Article 9 of Afghanistan’s Constitution stipulates that “[m]ines and other subterranean resources as well as historical relics shall be the property of the state.” (CONSTITUTION OF AFGHANISTAN art. 9, RASMI JARIDAH [OFFICIAL GAZETTE] No. 818, 1382 , Ministry of Justice website (in Dari and Pashto), unofficial English translation, ILO website.) On the basis of article 9, which requires that the “[p]rotection, management and mode of proper utilization of the public properties … be regulated by law,” Afghanistan’s legislature passed the Afghanistan Mining Materials Law in 2005. (Afghanistan Mining Materials Law], RASMI JARIDAH No. 857, 1384  (in Dari and Pashto), Ministry of Justice website.) Since then, Afghanistan’s legislature has passed several versions of its Minerals Law regulating mines, the newest of which was enacted in 2018. According to article 15 of the 2018 Minerals Law, the state is the owner of the mines, and all natural minerals are the property of the state. Article 16 stipulates that unlicensed mining is illegal. (Minerals Law arts. 15–16, RASMI JARIDAH No. 1315, 1397  (in Dari and Pashto), Ministry of Justice website.)
According to the Penal Code of Afghanistan, illegal extraction is a punishable offense, the punishments for which are based on the nature and circumstances of the crimes committed and the value of the minerals extracted. Punishments range from short-term imprisonment (under one year) to long-term imprisonment (from 10 to 16 years). (PENAL CODE, RASMI JARIDAH No. 1260, 1396 , arts. 786, 788–789 (in Dari and Pashto), Ministry of Justice website.)
According to the United States Institute of Peace (USIP), “the majority of active mine sites in Afghanistan are neither government regulated nor government controlled, even though—according to the law—all mineral resources are the property of the state.” (Sadaf Lakhani & Julienne Corboz, Illegal Mining in Afghanistan: A Driver of Conflict, PEACEBRIEF 226 (United States Institute of Peace (USIP), Washington, D.C.), July 2017), at 1. A government report from 2018 highlighted a number of categories of illegal mining in Afghanistan including “[m]ining being undertaken in areas that are outside the Government’s control” such as mines that are operated under the control of illegal armed groups that do not have a contract with MoMP, and parliamentarians and local officials of various “[g]overnment agencies, who own, control or have an interest in mining activities, despite bans on this involvement.” (Ministry of Mines and Petroleum, Ministry-Wide Vulnerability to Corruption Assessment: Final Report 62 (Oct. 2018).) According to mining expert Mohmammad Ismail Amin, unregulated and illegal extraction of minerals in Afghanistan has contributed to prolonging the conflict there because it has helped finance insurgent groups and various criminal mafias and has also “deprived the government of Afghanistan of revenue owed in terms of loyalties and taxes.” (Mohammad Ismail Amin, Illegal Mining: Headache for Afghanistan Government, International and Local Investors – OpEd, EURASIA REVIEW (Feb. 12, 2018).) International and Afghan NGOs have also stressed that delays in developing the new mining Law and lack of institutional capacity to develop the mining sector have also fueled corruption and illegal mining. (Agnieszka Pikulicka-Wilczewska, Why Is Afghanistan Unable to Extract Its Vast Mineral Wealth?, AL JAZEERA (May 28, 2019).)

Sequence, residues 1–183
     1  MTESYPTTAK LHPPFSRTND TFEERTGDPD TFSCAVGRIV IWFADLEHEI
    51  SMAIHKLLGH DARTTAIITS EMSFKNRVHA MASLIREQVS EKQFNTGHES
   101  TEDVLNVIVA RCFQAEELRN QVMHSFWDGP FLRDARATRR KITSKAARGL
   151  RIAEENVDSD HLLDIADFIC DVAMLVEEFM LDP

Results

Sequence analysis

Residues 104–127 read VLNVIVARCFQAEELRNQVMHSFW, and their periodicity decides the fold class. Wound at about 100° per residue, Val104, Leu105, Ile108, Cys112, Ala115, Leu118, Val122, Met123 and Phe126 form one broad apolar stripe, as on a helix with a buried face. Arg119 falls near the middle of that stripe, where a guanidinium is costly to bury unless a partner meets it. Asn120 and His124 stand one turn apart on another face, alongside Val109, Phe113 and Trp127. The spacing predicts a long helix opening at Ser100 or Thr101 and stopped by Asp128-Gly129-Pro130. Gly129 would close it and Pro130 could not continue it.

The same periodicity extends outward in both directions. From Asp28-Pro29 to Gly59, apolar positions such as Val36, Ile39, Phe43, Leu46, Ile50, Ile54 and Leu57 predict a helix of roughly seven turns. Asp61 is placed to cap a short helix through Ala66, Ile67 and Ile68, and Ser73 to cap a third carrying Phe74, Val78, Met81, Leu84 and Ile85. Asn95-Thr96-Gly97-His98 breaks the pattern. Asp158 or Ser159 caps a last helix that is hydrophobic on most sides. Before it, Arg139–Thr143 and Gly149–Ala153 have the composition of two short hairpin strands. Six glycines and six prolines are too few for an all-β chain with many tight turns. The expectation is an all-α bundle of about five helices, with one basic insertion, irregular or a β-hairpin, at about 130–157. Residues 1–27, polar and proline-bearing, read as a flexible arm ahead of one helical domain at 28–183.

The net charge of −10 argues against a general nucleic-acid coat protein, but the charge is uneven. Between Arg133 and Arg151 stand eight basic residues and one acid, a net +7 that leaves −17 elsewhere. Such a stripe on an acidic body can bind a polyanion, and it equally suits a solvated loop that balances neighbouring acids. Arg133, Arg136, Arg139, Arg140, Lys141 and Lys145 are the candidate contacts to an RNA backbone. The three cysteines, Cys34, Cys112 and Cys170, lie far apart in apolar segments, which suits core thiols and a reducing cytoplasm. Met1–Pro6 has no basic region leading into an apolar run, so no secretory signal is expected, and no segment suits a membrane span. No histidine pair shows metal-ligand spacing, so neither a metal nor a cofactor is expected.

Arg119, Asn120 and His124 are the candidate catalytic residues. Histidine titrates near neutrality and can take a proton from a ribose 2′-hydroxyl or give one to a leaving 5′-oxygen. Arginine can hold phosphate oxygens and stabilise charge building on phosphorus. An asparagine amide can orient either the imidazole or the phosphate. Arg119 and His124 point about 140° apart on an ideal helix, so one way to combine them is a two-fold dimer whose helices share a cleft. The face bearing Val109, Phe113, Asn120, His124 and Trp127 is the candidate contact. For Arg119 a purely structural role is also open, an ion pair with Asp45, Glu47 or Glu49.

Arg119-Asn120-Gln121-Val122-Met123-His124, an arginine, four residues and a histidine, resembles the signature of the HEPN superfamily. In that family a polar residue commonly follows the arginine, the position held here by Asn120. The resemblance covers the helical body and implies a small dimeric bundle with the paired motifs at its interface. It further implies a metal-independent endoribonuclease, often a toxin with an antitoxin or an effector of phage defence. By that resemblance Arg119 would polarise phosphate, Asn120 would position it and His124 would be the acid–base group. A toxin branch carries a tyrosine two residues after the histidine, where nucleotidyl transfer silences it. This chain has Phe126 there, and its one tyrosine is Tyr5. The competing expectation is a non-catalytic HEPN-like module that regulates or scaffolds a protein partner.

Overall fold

Prepared by Hafizullah Seddeqi, Law Library intern, under the supervision of Tariq Ahmad, Foreign Law Specialist.